The Nordic Adoption Council (NAC) is an association of adoption organisations in the Nordic Countries (see inset), that was formally established in 1995. The purpose of the NAC is to achieve, through co-operation between the member organisations, good conditions in the Nordic countries for intercountry adoption and good conditions in which the adopted children can grow up.

Before NAC was established adoption organisations in Sweden, Denmark, Norway and Finland already had a more than 20-year history of cooperation. An Icelandic organisation joined this cooperation in the early 1990-ies.

Although informal contact between adoption organisations in the Nordic region had existed since the early 1970-ies, the first meeting of a more formal nature between these organizations was a one-day affair held in Oslo in 1977. The first Nordic Meeting over a weekend was held in Copenhagen, Denmark in 1979, and this meeting was followed by similar weekend meetings every two years; in Vaasa, Finland in 1981, in Gothenburg, Sweden in 1983, in Oslo, Norway in 1985, in Gothenburg, Sweden in 1987, in Helsinki, Finland in 1989, in Stockholm, Sweden in 1991 and in Oslo, Norway in 1993.

During these years there was no formal Nordic adoption organization as such, only a six-member Nordic Adoption Committee that was responsible for the convening of the next Nordic Meeting. Gradually the committee took on other tasks, like the compiling of various documents about topics of common concern.

The notion that the Nordic cooperation should be strengthened and formalized appeared gradually in the early 90-ies. The Nordic Committee was allowed to participate in The Hague expert meetings from 1990 to 1993 about a new intercountry adoption convention, notwithstanding the loose structure at that time. Although it was thus not strictly necessary to formalize the work in order to continue being part of the Hague efforts, there is no doubt that our successful participation in The Hague meetings helped us see the advantages of a somewhat stronger Nordic organization.

The fact that a similar adoption organization on European level, EurAdopt, was founded in 1993 did not lead to a dampening of the Nordic reform spirit. A new model was discussed at a Nordic Committee meeting in Marstrand, Sweden, in 1994. The Committee welcomed the creation of EurAdopt, and pledged that the Nordic organizations would contribute to EurAdopt becoming a success. But there was still a desire for a more formalized Nordic organization - formalized but yet not too ambitious. For instance a suggestion to hire a part time General Secretary was turned down.

As mentioned above, the Nordic Adoption Council was formally established in 1995, at the 10th Nordic Meeting in Copenhagen, Denmark.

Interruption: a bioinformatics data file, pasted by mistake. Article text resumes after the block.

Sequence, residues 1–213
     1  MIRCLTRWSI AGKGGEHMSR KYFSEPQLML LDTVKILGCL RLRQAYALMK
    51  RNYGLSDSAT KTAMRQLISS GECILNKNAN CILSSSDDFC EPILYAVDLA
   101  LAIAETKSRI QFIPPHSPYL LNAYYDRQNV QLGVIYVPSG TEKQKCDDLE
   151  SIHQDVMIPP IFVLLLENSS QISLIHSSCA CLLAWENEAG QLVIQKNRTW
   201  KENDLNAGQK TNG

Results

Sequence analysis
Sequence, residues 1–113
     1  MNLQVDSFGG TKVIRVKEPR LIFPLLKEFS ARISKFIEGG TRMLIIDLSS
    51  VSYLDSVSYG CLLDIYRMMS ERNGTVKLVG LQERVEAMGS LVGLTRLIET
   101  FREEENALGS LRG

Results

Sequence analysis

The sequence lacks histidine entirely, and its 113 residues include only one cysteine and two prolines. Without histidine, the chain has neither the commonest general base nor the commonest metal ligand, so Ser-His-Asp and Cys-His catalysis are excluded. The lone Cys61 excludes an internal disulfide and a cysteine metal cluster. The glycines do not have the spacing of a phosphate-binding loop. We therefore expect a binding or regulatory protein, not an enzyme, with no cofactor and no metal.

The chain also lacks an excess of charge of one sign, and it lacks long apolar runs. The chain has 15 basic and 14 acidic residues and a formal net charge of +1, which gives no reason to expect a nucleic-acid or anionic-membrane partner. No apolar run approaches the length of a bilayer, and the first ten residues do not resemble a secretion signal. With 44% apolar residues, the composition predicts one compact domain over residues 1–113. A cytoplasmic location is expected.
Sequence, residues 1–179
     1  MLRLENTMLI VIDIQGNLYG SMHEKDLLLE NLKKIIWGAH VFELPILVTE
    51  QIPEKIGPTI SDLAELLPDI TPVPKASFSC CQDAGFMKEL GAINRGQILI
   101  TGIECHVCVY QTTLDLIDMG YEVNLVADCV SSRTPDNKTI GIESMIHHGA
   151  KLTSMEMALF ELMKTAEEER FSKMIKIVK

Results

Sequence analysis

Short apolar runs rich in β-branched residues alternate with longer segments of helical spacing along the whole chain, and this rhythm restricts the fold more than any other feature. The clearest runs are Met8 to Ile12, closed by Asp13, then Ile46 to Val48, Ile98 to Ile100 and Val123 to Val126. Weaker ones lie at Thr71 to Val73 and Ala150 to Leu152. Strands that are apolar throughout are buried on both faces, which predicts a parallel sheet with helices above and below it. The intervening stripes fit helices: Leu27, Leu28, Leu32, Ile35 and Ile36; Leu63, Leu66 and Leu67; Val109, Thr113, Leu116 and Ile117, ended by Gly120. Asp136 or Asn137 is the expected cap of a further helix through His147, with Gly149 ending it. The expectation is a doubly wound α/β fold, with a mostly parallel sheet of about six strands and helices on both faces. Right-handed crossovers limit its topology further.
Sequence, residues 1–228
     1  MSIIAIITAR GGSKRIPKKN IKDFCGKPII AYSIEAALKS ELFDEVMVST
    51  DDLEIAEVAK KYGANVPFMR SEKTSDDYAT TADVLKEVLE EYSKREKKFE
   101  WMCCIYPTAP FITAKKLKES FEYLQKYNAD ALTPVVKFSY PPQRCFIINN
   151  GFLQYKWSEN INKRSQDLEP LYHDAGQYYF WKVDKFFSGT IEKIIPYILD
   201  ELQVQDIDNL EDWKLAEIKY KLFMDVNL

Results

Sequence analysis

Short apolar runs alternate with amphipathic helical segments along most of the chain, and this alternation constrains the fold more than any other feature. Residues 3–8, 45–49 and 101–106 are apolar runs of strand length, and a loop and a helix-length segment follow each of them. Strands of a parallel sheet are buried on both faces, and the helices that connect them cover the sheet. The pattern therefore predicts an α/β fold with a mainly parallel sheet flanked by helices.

According to the NAC statutes all adoption organisations in the Nordic countries may become members of the association. The term "adoption association” is defined as an organization that arranges intercountry adoptions, organisations for adoptive parents and organisations for persons who have been adopted.

The NAC statutes maintain the tradition that Nordic Meetings shall still be arranged every second year in September or October. In the years between smaller "Chairpersons’ Conference” are convened.

Between the Nordic Meetings a Board with a chairperson and 4-7 other members is responsible for the management of the Nordic co-operation and is the Council’s decision.-making body.

Since 1995 Nordic meetings have taken place in Vaasa, Finland in 1997, Reykjavik, Iceland in 1999, in Gothenburg, Sweden in 2001, in Oslo, Norway in 2003, in Copenhagen, Denmark in 2005, in Helsinki, Finland in 2007. Reykjavík, Iceland in 2009 and in Stockholm, Sweden 2011.

The Nordic Countries
The term ”The Nordic countries”, or "the Nordic Region”, refers to five countries in Northern Europe, Denmark, Finland, Iceland, Norway and Sweden, and their associated territories which include the Faroe Islands and Greenland (Denmark) and Åland (Finland).
These five nation-states and three autonomous regions share much common history as well as common traits in their respective societies, such as a strong emphasis on welfare, human rights and democracy, often referred to as "the Nordic model”. Politically, the Nordic countries do not form a separate entity, but they co-operate in a body called "the Nordic Council”. Denmark, Finland and Sweden are members of the European Union, while Iceland and Norway and the three associated territories are outside, although maintaining a strong economic and cultural cooperation with the 27 countries of the union. While Denmark, Sweden and Norway are monarchies, Finland and Iceland are republics.

Linguistically, the area is dominated by languages belonging to the North Germanic branch of Indo-European languages, spoken by the overwhelming majority of the population in Denmark, Iceland, Norway, Sweden, the Faroe Islands and Åland. Finnish, the majority language in Finland, and languages spoken by the Sami minority in the far north of the region, belong to the Uralic languages. In Greenland the majority speaks a language belonging to the Eskimo-Aleut language group. The Nordic countries have a combined population of approximately 25 million. Sweden accounts for close to 9 million people, while Denmark, Finland and Norway each have populations of around 5-6 million people. The population of Iceland is around 300,000, while the three autonomous regions each have populations of well under 100,000.

The term "Scandinavia” is sometimes used synonymously with the Nordic Countries, but within the region itself the term Scandinavia is usually restricted to mean Sweden, Denmark and Norway.